“I honestly think it is adrenaline.”
It will be interesting to see how the touches are distributed with Williams available. The Packers have mostly hesitated to increase Jones’ workload unless necessary. It doesn’t get any more necessary than the do-or-die reality of a playoff game.
Regardless, Jones agreed having Williams back is important.
“It means a lot,” Jones said. “Jamaal, he does so much for us on that field. Special teams, offense, he comes in and gives me a breather and the offense continues to work. He’s a key piece. We’ve been missing him and glad to get him back.”
Kenny Clark limited in practice
After missing practice Wednesday because of a back injury, nose tackle Kenny Clark was limited for the full-pads workout held in the Don Hutson Center.
“He was really limited, but you know we’re hopeful he’ll be all right,” LaFleur said.
Clark has missed only two practices all season and it was also for back and calf injuries Oct. 17. He was listed as questionable that week but wound up playing.
Not having Clark would be a huge blow given the success Philadelphia’s Fletcher Cox had against Seattle center Joey Hunt, who is battling a leg injury. Clark has 16 tackles and 4½ sacks over the last four games and would be sorely missed if he weren’t able to play.
The bug that has been going around the locker room hit nose tackle Tyler Lancaster and fullback Danny Vitale, who were held out of practice. Running back Dexter Williams missed a second straight day because of illness.
Tight end Marcedes Lewis was given his standard rest day and did not practice also.
Wary of 'Beast Mode'
The numbers present a skeptical case. In two games since returning from retirement, Marshawn Lynch has carried the football 18 times. He has gained only 41 yards.
That 2.27-yard average is far from peak Beast Mode. Inside the Packers locker room, outside linebacker Preston Smith doesn’t want to hear that.
“He’s still Marshawn,” Smith said.
His counterpart, Za’Darius Smith, agrees.
“Most definitely,” Za’Darius Smith said. “When you wrap up, everybody needs to come swarm him; he’s a guy that can put his head down and really toe that thing. As a team, we’ve been harping on that all week. When one guy gets to him, we’ve all got to come like a runner. We’ve all got to be there.
“So in this situation, if I meet him in the backfield, I’m going to just wrap him up. I’m going to hold onto him and wait on the troops to get there.”
Lynch might not be the heartbeat of the Seahawks' offense like he was during their consecutive Super Bowl runs. Now, that role has fallen to quarterback Russell Wilson.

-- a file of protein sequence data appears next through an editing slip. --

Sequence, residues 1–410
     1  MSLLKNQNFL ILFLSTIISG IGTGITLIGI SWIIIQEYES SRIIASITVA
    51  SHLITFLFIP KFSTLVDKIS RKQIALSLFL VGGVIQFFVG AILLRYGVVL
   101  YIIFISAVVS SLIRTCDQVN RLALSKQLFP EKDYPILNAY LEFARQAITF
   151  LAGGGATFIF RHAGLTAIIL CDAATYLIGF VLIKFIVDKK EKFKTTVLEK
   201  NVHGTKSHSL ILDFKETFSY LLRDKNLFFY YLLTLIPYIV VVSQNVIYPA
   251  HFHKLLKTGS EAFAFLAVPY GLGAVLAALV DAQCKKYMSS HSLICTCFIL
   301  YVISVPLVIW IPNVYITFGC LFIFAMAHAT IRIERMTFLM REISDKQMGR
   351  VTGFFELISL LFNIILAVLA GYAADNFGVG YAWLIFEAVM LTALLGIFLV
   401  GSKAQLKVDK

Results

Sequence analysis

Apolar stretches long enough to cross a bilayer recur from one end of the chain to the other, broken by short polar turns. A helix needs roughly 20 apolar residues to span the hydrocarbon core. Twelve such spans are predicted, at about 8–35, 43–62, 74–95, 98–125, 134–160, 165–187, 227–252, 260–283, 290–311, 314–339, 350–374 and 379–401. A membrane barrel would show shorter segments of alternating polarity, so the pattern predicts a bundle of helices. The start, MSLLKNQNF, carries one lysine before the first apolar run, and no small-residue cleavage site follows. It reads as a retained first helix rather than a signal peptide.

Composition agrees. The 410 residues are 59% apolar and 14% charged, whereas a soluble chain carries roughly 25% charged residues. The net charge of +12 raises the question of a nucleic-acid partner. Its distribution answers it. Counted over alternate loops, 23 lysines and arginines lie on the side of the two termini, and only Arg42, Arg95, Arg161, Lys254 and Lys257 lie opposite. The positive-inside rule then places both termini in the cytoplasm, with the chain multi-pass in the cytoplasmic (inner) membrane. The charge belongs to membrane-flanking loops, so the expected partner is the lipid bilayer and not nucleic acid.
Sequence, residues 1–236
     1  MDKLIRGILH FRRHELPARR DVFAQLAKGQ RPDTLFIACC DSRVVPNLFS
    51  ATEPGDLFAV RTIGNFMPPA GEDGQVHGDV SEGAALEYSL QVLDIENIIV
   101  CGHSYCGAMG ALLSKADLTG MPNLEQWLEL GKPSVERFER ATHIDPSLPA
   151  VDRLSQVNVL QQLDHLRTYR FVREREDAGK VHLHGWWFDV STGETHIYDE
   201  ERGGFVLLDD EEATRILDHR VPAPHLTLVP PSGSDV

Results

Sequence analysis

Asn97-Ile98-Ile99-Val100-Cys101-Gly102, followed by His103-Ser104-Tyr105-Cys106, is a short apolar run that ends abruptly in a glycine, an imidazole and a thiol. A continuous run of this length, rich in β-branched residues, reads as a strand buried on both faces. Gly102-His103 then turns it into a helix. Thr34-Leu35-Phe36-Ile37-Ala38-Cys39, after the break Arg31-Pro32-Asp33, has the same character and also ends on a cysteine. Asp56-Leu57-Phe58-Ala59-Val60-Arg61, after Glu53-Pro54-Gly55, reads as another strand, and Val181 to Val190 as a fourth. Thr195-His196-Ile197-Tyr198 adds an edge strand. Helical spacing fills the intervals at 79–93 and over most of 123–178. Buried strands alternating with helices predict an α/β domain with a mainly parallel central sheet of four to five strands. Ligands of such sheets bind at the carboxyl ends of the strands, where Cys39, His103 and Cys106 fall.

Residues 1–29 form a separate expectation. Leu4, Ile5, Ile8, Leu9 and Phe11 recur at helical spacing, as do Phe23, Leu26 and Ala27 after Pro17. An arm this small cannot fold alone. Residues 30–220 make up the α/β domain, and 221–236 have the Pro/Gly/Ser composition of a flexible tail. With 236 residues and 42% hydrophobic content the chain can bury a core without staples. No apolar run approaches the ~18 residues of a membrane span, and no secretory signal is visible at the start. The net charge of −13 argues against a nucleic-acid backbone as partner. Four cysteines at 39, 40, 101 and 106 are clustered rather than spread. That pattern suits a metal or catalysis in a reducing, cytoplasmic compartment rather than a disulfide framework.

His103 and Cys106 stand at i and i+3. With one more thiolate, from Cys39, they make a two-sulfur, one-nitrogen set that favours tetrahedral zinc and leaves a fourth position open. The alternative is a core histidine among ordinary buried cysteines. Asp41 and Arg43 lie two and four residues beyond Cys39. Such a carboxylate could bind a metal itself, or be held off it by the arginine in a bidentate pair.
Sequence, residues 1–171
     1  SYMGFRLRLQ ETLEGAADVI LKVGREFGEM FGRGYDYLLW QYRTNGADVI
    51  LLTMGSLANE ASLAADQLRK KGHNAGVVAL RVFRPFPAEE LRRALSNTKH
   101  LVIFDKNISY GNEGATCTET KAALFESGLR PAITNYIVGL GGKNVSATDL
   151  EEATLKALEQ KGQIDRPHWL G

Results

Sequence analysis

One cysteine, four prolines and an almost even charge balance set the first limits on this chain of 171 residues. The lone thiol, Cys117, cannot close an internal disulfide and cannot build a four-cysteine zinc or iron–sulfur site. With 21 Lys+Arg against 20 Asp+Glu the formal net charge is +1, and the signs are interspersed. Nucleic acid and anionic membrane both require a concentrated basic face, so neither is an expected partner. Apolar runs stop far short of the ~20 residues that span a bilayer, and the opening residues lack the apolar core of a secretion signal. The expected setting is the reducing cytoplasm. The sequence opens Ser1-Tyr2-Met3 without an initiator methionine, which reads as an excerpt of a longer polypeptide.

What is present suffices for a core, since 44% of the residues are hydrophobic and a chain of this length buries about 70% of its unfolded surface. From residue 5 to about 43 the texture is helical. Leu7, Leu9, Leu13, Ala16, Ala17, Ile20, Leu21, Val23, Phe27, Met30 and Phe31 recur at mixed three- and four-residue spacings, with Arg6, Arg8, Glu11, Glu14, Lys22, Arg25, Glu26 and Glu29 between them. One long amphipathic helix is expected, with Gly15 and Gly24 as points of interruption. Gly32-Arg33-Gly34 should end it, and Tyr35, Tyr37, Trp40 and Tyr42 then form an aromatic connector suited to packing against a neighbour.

Regardless, the Packers aren’t taking Lynch lightly. He has scored a touchdown in each of his games since returning from retirement, which he announced after the 2018 season.
“I think Marshawn has done it at such a high level for a really long time,” LaFleur said. “He’s one of the backs that there’s not too many guys that run harder than he does, and I think that’s a big reason why he’s always getting yards after contact, and he’s a load. You don’t really realize it until you see it in person, but just the effort that he brings on every play is second to none.
“I just think it takes time anytime you take that long of a layoff, and I think you’re just going to see him get better and better. We’re going to get the best version of him this week.”
Roberts’ window closed, Greene’s opening?
Rookie linebacker Greg Roberts’ three-week window to practice with the team after spending the bulk of the season on the physically unable to perform list closed Wednesday. The first-year player out of Baylor was not added to the Packers’ 53-man roster, so he reverts to injured reserve and is done for the season. He began practicing Dec. 20 after suffering an abdominal injury early in the offseason.
Safety Raven Greene continues to practice however, and there is optimism that he may be taken off injured reserve and added to the roster in the near term.
“Just continue to evaluate him and then, if and when we feel he’s ready, then we’ll bring him up,” LaFleur said.
The Packers continue to operate with one open roster spot.
The Edge: A comparison of several offensive and defensive regular season stats between the Green Bay Packers and Seattle Seahawks ahead of their NFC Divisional Game. Milwaukee Journal Sentinel